The hearings showed us that discrimination continues to be endemic, intertwined into the very fabric of our lives. Ironically, even though more Americans than ever are living in diverse communities, residential segregation remains high. Sustaining the racial and ethnic stability in diverse communities remains a challenge because of perceptions and prejudices that devitalize them. And while nationally the incidence of discrimination is down, there are at least 4 million fair housing violations in our country every year. That is far too many.
Demographics tell the tale.
Today, two-thirds of new households being formed are either racial or ethnic minorities or immigrants. This population is now looking for housing for the first time. In addition, now more than ever, individuals with disabilities are rightfully seeking greater access to opportunities in every sector. Equal opportunity in housing offers the chance to live, work, and interact in richly diverse settings and opens doors to other opportunities – in education, health care and employment.
For all of these reasons, our communities and neighborhoods must reflect a richer, more robust heterogeneity, one that draws on the strengths of all Americans. Everyone recognizes that our nation’s ability to achieve any measure of economic, educational, or social justice is tied to our ability to promote fairness in our housing system.
While what we learned about the state of fair housing was sobering, this report is by no means gloomy. We have made progress. The combined efforts of leaders within our communities, fair housing advocates, committed members of the housing industry and government action has ensured that housing opportunities are fairer than they were four decades ago. Most states and many localities have fair housing laws, some of which provide greater protection than the federal Fair Housing Act. The ethical codes of most housing industry groups include a commitment to fair housing, and state real estate licensing laws require fair housing training and continuing education. HUD’s 2000 Housing Discrimination Study showed a reduction in the overall discrimination rate in residential sales and information on housing availability, though an increase in racial steering.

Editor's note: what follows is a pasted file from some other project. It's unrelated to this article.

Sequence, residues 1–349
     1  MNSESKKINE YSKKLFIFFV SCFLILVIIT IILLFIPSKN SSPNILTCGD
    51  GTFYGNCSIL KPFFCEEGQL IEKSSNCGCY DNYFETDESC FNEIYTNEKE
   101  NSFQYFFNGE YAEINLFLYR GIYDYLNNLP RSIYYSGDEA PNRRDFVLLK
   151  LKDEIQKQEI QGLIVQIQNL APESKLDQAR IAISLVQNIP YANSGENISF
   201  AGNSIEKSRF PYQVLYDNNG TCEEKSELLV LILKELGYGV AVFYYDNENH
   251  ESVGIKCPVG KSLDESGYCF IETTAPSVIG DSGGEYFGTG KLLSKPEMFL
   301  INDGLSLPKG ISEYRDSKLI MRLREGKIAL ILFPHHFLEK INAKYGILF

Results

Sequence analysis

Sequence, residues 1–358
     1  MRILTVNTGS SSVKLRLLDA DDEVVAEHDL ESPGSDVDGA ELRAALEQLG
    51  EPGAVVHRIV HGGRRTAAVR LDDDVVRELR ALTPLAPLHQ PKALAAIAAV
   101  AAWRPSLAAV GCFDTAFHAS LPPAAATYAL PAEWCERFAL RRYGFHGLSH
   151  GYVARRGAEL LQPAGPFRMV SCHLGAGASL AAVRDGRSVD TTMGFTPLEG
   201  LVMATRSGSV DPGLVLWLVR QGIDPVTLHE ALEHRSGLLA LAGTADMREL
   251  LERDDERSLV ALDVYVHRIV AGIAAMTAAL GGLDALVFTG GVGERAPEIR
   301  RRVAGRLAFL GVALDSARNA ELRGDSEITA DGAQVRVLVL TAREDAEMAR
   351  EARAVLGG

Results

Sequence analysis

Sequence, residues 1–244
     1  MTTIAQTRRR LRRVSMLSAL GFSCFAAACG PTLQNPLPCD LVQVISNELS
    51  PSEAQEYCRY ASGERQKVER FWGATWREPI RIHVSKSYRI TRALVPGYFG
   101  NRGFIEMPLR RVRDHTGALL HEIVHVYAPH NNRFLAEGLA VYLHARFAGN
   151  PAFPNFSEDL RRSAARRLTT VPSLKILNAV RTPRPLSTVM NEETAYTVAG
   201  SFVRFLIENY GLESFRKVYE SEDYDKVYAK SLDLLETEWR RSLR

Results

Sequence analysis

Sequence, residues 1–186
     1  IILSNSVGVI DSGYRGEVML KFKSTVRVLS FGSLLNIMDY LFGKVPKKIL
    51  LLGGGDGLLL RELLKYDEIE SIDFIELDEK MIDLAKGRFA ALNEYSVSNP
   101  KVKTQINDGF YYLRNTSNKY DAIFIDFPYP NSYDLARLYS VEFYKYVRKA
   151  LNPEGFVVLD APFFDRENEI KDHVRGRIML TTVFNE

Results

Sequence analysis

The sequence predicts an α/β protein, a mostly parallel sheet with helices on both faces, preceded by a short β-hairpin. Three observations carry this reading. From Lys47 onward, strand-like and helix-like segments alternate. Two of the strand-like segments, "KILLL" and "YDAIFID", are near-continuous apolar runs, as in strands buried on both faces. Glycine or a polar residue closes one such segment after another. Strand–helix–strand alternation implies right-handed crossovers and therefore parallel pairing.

And our witnesses did not just testify about problems. People came forward with solutions. All over America, thoughtful advocates, housing experts, and families are working to find ways to build equal opportunity in housing.
Over time, Americans have become more interested in living in communities that are racially and ethnically diverse. Many fair housing organizations are well established and provide a broad range of fair housing services to our communities, including work to build alliances with housing industry groups and local governments to produce quality training and effective outreach, working to build public support for fair housing.
Yet much more is needed.
Equal housing opportunity must be our collective goal. But as recent history has demonstrated, we cannot get there working in silos. Only together, with a mix of education, enforcement, and policy tools, working across partisan lines, with government and private partnerships coordinated at the local, state, regional and federal level, can we begin to make our dreams real.